Sunday, February 28, 2021

About hyperbowl

I remember the first time I said it. My English teacher, Mr Martin, asked what a particular rhetorical effect was being employed by some dead white male or another and, having seen the word used in a book, 13-year-old me volunteered, “Is it hyperbowl?” and he said something along the lines of, “It’s a Greek word and it’s actually pronounced ‘hyperbole’ but yes, that’s right.” He didn’t poke fun at my wonky pronunciation, he didn’t crush my creative soul, he just put me right.

That was that for a long while. I barely heard the word for years (in most cases, “exaggeration” serves just as well) but when I did it was usually pronounced in the proper, Mr Martin-approved manner. In the past few years, however, I’ve heard “hyperbowl” creeping into the most unlikely places, not least that repository of educated English speech, BBC Radio 4. Things came to a head a couple of days ago when the government minister Nadhim Zahawi used it. I hesitated in responding, especially because Mr Zahawi presumably doesn’t have English as a first language, having come to Britain at the age of nine. But then I checked his Wikipedia page, calculated how much his parents must have spent on his private education once they got here, and did what Mr Martin would never have done. I pointed and I laughed. On Twitter.

 It did make me wonder, though. When such solecisms occur these days, do people – those who taught young Nadhim at Ibstock Place and King’s College School, for example – not intervene because doing so would be seen as rude or snobbish or discriminatory? Or do most people think “hyperbowl” is right? In which case, in the normal order of the development of language, it actually is right, and Nadim Zahawi is right, and I’m wrong and so is Mr Martin. Which is an earth-shattering catastrophe.

Monday, February 22, 2021

About Nemo

Once again, we confront the thorny question of what, in 2021, one can reasonably be expected to know or understand. And, according to viewers of last night’s Who Wants To Be A Millionaire, it’s not Shakespeare’s tragedies or flags of the world or the periodic table...

Sunday, February 21, 2021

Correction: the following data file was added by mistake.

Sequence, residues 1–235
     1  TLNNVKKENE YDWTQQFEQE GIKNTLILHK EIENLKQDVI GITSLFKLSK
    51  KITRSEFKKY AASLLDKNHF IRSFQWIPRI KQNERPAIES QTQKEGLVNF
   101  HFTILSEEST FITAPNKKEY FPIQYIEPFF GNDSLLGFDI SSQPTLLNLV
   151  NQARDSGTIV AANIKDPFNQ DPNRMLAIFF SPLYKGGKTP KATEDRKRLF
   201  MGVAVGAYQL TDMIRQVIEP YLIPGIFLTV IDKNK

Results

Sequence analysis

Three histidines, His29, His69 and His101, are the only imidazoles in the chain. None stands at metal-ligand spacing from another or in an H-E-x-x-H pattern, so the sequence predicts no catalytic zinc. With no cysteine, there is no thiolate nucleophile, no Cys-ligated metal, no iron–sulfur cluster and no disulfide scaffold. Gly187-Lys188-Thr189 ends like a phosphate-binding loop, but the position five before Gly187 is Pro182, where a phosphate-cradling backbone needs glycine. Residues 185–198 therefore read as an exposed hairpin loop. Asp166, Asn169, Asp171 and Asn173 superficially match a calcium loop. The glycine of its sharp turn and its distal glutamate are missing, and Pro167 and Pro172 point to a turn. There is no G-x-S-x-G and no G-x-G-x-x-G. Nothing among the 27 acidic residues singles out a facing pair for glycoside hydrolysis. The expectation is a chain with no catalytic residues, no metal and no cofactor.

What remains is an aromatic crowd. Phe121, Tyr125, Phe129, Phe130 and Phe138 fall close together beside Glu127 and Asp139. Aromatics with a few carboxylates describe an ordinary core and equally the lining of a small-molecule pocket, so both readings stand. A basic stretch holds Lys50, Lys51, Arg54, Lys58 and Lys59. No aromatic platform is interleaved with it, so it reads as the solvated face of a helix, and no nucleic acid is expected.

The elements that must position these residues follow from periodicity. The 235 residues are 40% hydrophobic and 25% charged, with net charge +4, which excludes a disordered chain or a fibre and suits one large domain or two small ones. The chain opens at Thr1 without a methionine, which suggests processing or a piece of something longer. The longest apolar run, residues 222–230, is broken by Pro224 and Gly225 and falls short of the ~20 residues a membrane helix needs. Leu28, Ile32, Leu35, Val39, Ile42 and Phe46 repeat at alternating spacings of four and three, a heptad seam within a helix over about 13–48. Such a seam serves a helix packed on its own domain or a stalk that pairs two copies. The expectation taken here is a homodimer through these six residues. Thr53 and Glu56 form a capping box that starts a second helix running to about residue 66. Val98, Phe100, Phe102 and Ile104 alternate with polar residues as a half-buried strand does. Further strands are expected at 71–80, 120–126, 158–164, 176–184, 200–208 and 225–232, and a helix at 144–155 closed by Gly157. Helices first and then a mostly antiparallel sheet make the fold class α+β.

About tongues

Journalists and other writers are encouraged to avoid tiresome repetition of words by employing what’s known as elegant variation, the use of synonyms to make prose less of a trudge. This can sometimes be taken to preposterous extremes of course, as in the Guardian’s fondly remembered popular orange vegetable.

And still it goes on. One would have thought that a recent court case in Edinburgh, in which an unfortunate gentleman had part of his tongue bitten off by a woman, and then saw the morsel snatched away by a seagull, might have been exciting enough as it stood. But no, the writer and/or the sub-editor (if the Edinburgh Evening News can still afford such fripperies) decided that on a second mention the body part had to become the fleshy muscle.

Friday, February 19, 2021

About young people

 88.8% of young people in the UK define themselves as creative, we are informed

Two thoughts. First, anybody can define themselves as anything they bloody well want. It doesn’t make it so.

But, rather more intriguingly, what do the remaining 11.2% call themselves? Destructive?

Tuesday, February 02, 2021

About Dumb Britain

For a while I’ve been pondering the meaning of the long-running Private Eye feature Dumb Britain, which exists to point and laugh at the less clever responses contestants give to questions on TV and radio quiz shows. It’s all about extent and limits of cultural literacy, essentially the assumptions we make about what people should be expected to know. I referred to Dumb Britain in my dissertation, if you can be bothered to pretend to be interested; the issue was whether anyone under 50 could be expected to know the name of the Long Ranger’s horse.

I would appear that the editors have become sensitive to accusations of elitism, because they’ve started to include the correct answers. Although, if the readers need to be told what the answers are, doesn’t that suggest the hapless contestants may not be that dumb after all?